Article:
Fructose Metabolism

Biochemical Pathways
  1. Glycolysis
  2. Citric Acid Cycle (TCA Cycle)
  3. Electron Transport Chain (ETC)
  4. Cori Cycle
  5. De Novo Purine Synthesis
  6. De Novo Pyrimidine Synthesis
  7. Purine Salvage
  8. Purine Excretion
  9. Ethanol Metabolism
  10. Pyruvate Metabolism
  11. HMP Shunt (Pentose Phosphate Pathway)
  12. Galactose Metabolism
  13. Sorbitol (Polyol) Pathway
  14. Urea Cycle
  15. Alanine (Cahill) Cycle
  16. Catecholamine Synthesis & Breakdown
  17. Homocysteine Metabolism
  18. Fatty Acid Synthesis (Citrate Shuttle)
  19. Fatty Acid Breakdown (Carnitine Shuttle)
  20. Propionic Acid Pathway
  21. Fructose Metabolism
  22. Regulation by Fructose-2,6-Bisphosphate (F-2,6-BP)
  23. Glycogenesis


Fructose metabolism describes the series of reactions used to breakdown fructose by cells in the body. This pathway begins with fructose, which is phosphorylated by the enzyme fructokinase to form fructose-1-phosphate, in a reaction that consumes 1 molecule of ATP. This first reaction is inhibited in patients with Essential fructosuria, a metabolic disorder characterized by a lack of fructokinase.

Next, aldolase B acts on fructose-1-phosphate to produce 2 products: dihydroxyacetone phosphate or DHAP, as well as glyceraldehyde. This breakdown reaction is inhibited in patients with Hereditary fructose intolerance, a metabolic disorder characterized by a lack of aldolase B.

Finally, both DHAP and glyceraldehyde are converted into G3P or glyceraldehyde-3-phosphate, an intermediate that connects to both the glycolytic and gluconeogenic pathways.

Key Points

  • Fructose Metabolism
    • Biochemical pathway used to break down fructose
      • Begins with fructose, obtained from diet and from polyol breakdown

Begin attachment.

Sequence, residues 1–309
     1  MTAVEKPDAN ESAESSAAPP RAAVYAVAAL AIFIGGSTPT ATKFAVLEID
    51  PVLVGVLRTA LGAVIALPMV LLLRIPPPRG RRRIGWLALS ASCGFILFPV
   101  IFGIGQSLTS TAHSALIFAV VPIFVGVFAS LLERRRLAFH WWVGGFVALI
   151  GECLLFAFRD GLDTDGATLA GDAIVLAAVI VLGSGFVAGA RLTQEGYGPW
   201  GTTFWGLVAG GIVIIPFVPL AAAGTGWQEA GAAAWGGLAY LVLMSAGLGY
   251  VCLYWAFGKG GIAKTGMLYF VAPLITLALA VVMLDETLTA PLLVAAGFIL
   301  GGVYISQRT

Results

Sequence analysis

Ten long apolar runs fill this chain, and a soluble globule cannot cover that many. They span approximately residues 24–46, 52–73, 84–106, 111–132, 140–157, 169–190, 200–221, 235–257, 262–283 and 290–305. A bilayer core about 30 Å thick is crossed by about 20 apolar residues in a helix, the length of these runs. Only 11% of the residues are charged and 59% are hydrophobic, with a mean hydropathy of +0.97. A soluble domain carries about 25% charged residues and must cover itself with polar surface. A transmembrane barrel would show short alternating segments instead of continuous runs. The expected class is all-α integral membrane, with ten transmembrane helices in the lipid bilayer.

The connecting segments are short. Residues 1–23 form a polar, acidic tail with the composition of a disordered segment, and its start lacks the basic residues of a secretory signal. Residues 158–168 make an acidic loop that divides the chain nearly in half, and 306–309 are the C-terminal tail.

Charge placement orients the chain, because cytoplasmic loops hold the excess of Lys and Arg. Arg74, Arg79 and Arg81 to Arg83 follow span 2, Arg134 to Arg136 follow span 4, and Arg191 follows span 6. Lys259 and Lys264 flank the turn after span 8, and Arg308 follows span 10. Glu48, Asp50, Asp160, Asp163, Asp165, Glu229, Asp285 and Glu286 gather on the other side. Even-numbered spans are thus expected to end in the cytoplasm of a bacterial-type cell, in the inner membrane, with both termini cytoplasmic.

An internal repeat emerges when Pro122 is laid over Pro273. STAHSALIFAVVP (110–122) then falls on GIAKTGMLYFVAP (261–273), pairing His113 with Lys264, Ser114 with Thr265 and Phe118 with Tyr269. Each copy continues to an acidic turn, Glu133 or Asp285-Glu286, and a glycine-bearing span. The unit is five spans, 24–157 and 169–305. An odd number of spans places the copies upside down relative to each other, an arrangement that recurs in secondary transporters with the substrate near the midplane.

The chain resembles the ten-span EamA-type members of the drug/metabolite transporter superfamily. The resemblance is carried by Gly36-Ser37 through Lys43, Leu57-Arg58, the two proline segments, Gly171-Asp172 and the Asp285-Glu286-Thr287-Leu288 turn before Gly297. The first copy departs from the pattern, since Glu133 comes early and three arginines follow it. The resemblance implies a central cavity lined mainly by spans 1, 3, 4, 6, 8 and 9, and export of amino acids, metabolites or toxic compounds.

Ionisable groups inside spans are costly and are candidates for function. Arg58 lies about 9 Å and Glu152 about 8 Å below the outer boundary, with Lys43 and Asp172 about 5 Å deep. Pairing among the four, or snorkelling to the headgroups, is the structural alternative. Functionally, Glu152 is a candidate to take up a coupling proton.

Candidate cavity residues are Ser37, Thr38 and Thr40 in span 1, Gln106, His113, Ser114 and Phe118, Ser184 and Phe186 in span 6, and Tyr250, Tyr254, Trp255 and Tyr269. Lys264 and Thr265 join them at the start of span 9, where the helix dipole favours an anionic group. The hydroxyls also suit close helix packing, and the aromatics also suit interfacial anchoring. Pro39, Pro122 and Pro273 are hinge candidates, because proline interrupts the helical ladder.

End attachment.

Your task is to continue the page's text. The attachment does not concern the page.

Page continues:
• Ends with glyceraldehyde-3-phosphate (G3P), which returns to glycolytic pathway
    • Reaction Pathway
      • Fructose + ATP  Fructose-1-P (F1P)
        • Catalyzed by Fructokinase
          • Defective in Essential Fructosuria
            • Buildup in unmetabolized fructose (benign)
        • Contrast F1P from F6P (produced in glycolysis)
      • Fructose-1-P → Dihydroxyacetone-P (DHAP) + Glyceraldehyde
        • Catalyzed by Aldolase B
          • Defective in Hereditary Fructose Intolerance
            • Buildup in unmetabolized fructose-1-P (toxic)
      • DHAP and Glyceraldehyde both converted into Glyceraldehyde-3-P (G3P)
        • 2 molecules of G3P are made per unit of fructose
        • G3P can enter glycolysis
        • Note that fructose metabolism bypasses phosphofructokinase (PFK) metabolism, which is the rate-limiting step of glycolysis
          • Fructose is the fastest monosaccharide cleared from the bloodstream because it bypasses this step
        • DHAP → Glyceraldehyde-3-P
          • Catalyzed by triose phosphate isomerase
        • Glyceraldehyde + ATP → Glyceraldehyde-3-P (used in glycolysis)
          • Catalyzed by triose kinase (triokinase)
        • Glyceraldehyde may also react with NADH to produce glycerol